W.G. from Broward County, Florida writes:
Dear Mister Condo,
A unit owner repairs the leaky ceiling in her unit (no personal damage). She sold the unit and moved to another state. Now she heard that the work men who caused damage have paid the board some money. She is demanding to get some of the money. Is she right? Could you email me your answer?
Mister Condo replies:
W.G., while I am glad that the work men responsible for the damage have made payment for their damage, I really don’t have enough information to answer your question. As a former unit owner, she has very little legal standing with the association. I guess my question here is more ethical than legal (keep in mind I am not an attorney and offer no legal advice in this column). If the association suffered no damage from the work men, why is the association being paid? If the damage was specifically to her unit and she paid to remedy the damage, why wouldn’t the association offer to repay her for the work? The way you worded the question it sounds like this is the case. If so, why would the association expect to profit from the unit owner’s loss? It may or may not be illegal but it is highly unethical. On the other hand, if the association was damaged and the money is restitution for the damage to the association, the association may be under no obligation to give any of the money to the unit owner. There is also the question of dollar amount. Are we talking a few hundred dollars, a few thousand dollars, more? How much money did the homeowner pay to fix the damage? The higher the amount, the more worthwhile it may be for her to pursue a legal remedy if she is entitled. Boards are charged with using Good Business Judgement. I would say this is a case where that would come in handy. All the best!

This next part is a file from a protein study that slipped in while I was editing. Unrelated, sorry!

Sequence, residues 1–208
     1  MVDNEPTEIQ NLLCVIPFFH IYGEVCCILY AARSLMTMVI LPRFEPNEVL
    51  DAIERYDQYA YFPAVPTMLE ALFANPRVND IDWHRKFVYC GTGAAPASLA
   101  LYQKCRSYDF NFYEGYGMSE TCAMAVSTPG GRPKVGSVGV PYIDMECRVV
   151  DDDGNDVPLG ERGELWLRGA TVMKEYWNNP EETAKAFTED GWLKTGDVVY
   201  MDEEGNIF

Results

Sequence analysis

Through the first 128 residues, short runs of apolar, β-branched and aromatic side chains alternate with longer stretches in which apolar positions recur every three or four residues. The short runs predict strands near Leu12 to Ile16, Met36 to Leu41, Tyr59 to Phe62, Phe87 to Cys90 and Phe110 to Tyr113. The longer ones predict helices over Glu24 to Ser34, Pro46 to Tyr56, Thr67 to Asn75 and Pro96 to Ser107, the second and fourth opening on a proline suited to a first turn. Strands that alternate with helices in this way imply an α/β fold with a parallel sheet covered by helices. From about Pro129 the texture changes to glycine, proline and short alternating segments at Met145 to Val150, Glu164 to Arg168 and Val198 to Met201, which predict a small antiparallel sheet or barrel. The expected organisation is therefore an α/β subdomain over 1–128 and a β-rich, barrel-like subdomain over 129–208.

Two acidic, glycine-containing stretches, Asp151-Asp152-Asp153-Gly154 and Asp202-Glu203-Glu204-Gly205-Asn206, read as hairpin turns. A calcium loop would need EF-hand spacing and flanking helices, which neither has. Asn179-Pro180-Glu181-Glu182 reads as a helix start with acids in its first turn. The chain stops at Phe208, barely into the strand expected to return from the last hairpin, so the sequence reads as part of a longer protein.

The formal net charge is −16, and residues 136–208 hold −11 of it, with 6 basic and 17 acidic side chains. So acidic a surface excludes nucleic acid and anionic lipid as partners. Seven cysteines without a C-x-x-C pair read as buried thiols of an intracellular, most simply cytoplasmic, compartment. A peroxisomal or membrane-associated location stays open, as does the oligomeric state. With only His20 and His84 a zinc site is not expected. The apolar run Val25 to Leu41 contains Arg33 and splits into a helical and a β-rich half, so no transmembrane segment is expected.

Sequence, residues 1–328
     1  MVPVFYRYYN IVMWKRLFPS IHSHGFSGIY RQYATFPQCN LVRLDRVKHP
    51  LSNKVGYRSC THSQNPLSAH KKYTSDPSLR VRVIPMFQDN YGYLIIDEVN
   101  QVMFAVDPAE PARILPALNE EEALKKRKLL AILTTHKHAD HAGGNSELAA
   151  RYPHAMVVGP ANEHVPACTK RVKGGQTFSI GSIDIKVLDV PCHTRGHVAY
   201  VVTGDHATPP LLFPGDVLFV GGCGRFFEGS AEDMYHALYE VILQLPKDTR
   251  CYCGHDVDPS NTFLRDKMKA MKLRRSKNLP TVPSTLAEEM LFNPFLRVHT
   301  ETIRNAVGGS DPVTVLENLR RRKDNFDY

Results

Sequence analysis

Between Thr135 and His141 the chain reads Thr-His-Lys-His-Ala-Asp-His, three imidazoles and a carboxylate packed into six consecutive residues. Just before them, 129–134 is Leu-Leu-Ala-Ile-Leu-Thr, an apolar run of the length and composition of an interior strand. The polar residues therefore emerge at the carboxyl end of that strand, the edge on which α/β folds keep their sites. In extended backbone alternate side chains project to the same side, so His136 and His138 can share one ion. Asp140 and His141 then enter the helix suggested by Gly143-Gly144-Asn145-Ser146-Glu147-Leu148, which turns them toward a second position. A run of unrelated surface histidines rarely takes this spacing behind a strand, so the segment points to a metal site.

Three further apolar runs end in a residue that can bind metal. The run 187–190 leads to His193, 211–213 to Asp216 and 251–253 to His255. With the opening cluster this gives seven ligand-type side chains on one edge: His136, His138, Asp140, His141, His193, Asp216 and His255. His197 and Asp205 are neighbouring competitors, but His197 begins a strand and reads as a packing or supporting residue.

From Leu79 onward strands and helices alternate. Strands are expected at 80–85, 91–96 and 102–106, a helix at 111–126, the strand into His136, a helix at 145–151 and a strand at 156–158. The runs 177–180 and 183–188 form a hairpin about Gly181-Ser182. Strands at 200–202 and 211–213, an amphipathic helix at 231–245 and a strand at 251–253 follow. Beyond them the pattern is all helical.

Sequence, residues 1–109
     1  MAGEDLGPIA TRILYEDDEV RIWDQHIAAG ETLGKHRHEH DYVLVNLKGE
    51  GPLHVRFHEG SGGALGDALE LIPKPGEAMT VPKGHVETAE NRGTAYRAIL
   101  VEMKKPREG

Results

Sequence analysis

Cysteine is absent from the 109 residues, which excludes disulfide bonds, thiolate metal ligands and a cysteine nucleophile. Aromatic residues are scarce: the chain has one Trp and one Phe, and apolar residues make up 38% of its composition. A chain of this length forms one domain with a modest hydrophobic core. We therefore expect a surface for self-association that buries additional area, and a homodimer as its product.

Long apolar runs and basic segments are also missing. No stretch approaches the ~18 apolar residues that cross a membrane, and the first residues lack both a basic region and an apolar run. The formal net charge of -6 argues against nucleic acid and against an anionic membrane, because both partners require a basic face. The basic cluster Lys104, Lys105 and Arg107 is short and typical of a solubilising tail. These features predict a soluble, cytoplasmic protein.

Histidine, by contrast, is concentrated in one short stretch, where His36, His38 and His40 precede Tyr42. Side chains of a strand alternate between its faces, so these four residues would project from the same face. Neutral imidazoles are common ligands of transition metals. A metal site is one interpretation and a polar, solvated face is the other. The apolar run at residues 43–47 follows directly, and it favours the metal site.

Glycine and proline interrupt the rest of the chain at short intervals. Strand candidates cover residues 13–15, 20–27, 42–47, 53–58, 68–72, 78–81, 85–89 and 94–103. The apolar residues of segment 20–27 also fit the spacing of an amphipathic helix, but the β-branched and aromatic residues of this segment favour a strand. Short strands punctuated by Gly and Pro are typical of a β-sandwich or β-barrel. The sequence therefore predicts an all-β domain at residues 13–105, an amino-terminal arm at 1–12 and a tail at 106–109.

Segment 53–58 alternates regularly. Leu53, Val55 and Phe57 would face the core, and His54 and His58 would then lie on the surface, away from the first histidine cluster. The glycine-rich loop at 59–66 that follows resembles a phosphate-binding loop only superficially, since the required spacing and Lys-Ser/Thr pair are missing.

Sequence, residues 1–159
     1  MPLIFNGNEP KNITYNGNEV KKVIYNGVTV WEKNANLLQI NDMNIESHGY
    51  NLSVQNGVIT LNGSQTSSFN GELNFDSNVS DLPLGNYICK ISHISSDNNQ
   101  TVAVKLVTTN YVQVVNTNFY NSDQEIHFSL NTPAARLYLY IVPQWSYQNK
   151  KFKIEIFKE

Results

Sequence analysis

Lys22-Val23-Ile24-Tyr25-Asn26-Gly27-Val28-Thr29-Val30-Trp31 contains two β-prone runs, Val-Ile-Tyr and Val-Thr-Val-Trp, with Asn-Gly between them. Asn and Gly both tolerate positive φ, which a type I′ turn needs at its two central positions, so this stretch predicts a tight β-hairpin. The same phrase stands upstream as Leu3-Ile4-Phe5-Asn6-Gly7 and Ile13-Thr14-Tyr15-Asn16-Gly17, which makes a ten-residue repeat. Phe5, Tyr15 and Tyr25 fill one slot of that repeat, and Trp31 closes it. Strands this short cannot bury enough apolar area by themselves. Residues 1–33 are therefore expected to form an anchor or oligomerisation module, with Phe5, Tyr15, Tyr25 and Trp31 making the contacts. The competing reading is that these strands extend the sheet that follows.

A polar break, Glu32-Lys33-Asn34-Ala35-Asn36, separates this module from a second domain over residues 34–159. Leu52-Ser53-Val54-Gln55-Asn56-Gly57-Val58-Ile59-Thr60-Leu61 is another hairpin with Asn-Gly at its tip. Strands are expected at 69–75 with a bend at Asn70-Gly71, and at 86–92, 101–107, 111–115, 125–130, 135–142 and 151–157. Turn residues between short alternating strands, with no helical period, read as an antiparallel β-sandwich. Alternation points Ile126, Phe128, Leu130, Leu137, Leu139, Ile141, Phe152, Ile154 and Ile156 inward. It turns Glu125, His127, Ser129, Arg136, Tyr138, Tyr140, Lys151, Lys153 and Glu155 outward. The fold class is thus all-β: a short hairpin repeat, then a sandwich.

1 thought on “Condo Board Reimbursed for Repairs Paid for by Unit Owner”
Another concern that may or may not apply here. If the then owner felt the damage was the responsibility of the association or the contractor, then the owner should have made a claim/demand that they restore the unit, and only undertaken repairs after an inspection and agreement were made. E.g. your car is damaged. You do not repair it and then subsequently make an insurance claim or claim against another party. You make the claim and then make an agreement with them, giving them an opportunity to assess the damage and determine the value and/or process of restoration, perhaps with some negotiation.